The Washington Redskins are reportedly stuck at FedEx Field unless the organization decides to change its name.
The team is looking to move to a new stadium in the near future, but their relocation from Maryland to the RFK Stadium in D.C. now hinges on the organization’s willingness to change its name, The Washington Post reported on Wednesday.
Government officials echoed the same message.
“I call on Dan Snyder once again to face that reality, since he does still desperately want to be in the nation’s capital,” D.C.’s nonvoting House Rep. Eleanor Holmes Norton said. “He has got a problem he can’t get around — and he particularly can’t get around it today, after the George Floyd killing.”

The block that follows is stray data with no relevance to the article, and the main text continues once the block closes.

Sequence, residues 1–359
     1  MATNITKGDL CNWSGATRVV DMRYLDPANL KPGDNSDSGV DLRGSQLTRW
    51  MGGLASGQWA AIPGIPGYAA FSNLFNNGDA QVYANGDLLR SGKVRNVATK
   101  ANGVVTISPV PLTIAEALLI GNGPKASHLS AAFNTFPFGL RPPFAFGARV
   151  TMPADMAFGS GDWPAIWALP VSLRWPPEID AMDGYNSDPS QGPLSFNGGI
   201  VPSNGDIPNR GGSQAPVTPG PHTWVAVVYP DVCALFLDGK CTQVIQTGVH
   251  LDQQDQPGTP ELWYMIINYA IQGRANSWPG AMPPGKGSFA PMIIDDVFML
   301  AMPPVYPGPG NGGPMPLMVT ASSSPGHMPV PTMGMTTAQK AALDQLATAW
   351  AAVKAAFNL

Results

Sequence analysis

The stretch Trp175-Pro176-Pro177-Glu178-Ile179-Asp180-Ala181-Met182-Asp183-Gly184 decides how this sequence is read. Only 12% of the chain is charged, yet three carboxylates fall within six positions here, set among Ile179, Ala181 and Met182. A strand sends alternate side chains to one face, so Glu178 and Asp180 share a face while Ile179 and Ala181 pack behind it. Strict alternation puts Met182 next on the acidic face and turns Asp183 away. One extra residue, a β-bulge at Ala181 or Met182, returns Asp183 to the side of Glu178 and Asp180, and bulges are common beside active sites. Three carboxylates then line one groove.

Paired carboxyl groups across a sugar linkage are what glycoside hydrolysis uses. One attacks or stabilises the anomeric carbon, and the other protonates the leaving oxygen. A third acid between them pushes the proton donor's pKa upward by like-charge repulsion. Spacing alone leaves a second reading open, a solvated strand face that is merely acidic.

D.C. Deputy Mayor John Falcicchio agreed with Norton.
“There is no viable path, locally or federally, for the Washington football team to return to Washington, D.C., without first changing the team name,” he said.
Washington currently plays at FedEx Field in Landover, Md. The stadium opened in 1997.
According to NBC Sports Washington, the Redskins expressed interest in playing at RFK Stadium after a bill was introduced in 2019 urging the federal government to sell the land to the city. The bill won’t pass unless the land is used for the team under a different name.
The Redskins nickname has come under even more scrutiny since the police-involved death of Floyd in May. The name has been deemed “racist” by many, but the organization has refused to change it. Snyder has said he’s not open to changing the name and views it as an honor toward Native Americans.
The Washington team has been known as the Redskins since 1933, when they changed their name from the Boston Braves to the Boston Redskins. The team then moved to the Washington area in 1937.